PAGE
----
How consistent is your crisis messaging?

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The adulterer’s website of choice, Ashley Madison, recently went through a significant reputational crisis when hackers cracked its database and stole the records of more than 37 million users (or so the hackers claim). The hackers said:

“Avid Life Media has been instructed to take Ashley Madison and Established Men offline permanently in all forms, or we will release all customer records, including profiles with all the customers’ secret sexual fantasies and matching credit card transactions, real names and addresses, and employee documents and emails. The other websites may stay online.”

This is, of course, a major crisis for the brand (Established Men hasn’t claimed much of the media spotlight, as it’s just designed to hook up women with rich men). Naturally, you’d think that confidentiality and stringent data protection were must haves for a site that exists to facilitate and encourage extra-marital trysts, so millions of people have had a lot to worry about over the last few weeks.

One interesting fact, uncovered by a Guardian journalist, was that the message the brand was giving its customers didn’t correspond with what it was saying to the media.

Ashley Madison had made its users the offer of deleting their accounts for free (it usually costs £15), so one journalist called to take it up on the offer. But the customer service rep couldn’t comply, citing a system failure. One disconnection later, and the journalist was through to a second representative, who told her:

“We understand your concern that is released by the media. Our system is completely secured. They tried to hack the site but they weren’t successful. Your details are never compromised … it’s false [that 2,500 customer records were leaked]. Only two of our members’ details were leaked. You know how the media work and they want to get attention. The site is very successful and are trying to make stories.”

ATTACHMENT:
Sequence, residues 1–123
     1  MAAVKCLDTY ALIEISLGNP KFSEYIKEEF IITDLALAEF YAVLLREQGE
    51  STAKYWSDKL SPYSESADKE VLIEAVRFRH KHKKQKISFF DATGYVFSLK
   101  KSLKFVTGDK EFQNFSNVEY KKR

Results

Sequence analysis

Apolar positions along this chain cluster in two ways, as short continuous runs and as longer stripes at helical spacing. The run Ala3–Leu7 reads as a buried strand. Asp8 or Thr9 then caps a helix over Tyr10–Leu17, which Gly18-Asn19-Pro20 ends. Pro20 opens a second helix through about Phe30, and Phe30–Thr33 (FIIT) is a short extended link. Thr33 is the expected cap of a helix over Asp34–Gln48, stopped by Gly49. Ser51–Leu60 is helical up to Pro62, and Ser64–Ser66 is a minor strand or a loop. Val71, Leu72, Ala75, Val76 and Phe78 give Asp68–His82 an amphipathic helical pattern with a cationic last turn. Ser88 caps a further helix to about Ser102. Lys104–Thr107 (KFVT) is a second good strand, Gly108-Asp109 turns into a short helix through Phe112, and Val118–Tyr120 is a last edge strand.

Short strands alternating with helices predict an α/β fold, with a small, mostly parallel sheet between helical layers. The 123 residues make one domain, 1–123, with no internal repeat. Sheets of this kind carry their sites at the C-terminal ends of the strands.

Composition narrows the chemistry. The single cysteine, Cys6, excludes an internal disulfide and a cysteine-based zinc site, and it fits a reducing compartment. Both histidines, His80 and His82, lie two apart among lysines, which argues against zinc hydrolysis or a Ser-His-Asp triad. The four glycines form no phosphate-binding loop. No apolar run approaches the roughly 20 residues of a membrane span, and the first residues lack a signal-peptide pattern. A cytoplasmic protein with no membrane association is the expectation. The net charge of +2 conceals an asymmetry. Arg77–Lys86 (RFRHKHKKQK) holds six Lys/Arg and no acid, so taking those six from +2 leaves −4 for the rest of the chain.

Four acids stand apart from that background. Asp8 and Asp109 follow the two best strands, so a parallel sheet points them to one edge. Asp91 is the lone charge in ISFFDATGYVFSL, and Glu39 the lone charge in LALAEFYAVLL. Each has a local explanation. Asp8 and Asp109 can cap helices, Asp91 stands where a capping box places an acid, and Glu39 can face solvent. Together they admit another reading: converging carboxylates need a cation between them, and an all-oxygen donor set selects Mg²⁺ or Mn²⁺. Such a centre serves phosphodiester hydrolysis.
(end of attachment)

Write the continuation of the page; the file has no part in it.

The journalist was disconnected again, only to call back and have another agent say:

“Credit card details are not saved in our servers, it’s saved in payment processors. Email addresses and photos are saved in the system. But no one has access to us, it takes a lot to break our system. The media has made it sound like a huge deal.”

Ashley Madison’s parent company had already released several statements on the issue, but it was proving to be unresponsive to journalist requests.

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They wanted to know details – were the hackers telling the truth, were millions of customer records stolen, or just the couple that had been confirmed? Eventually, the brand’s PR agency responded: “[Avid Life Media] would like to point out that they aren’t hiding from the press, but all their resources are currently being directed at the investigation.”

Although most of the media furore has died down, the issue is ongoing. One confirmed user who had his data stolen has been telling the media that he paid to have his profile scrubbed from the system years ago, meanwhile redditors are reporting that customer service reps are telling them that data dumps are being blocked and more hacking attempts are being made. Ashley Madison has gone dark on social media.

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All communication, whether internal or external, needs to be consistent during a crisis. In a world dominated by social media, businesses can’t assume that what’s said on a customer service phone call will stay between the operative and the customer. Customers talk to each other now, and in the absence of clear information, they’ll turn to each other for any details that they’ve managed to discover.

There’s not much that businesses can do to change this behaviour, but they can ensure that what they say on the phone matches what they’re telling the media.

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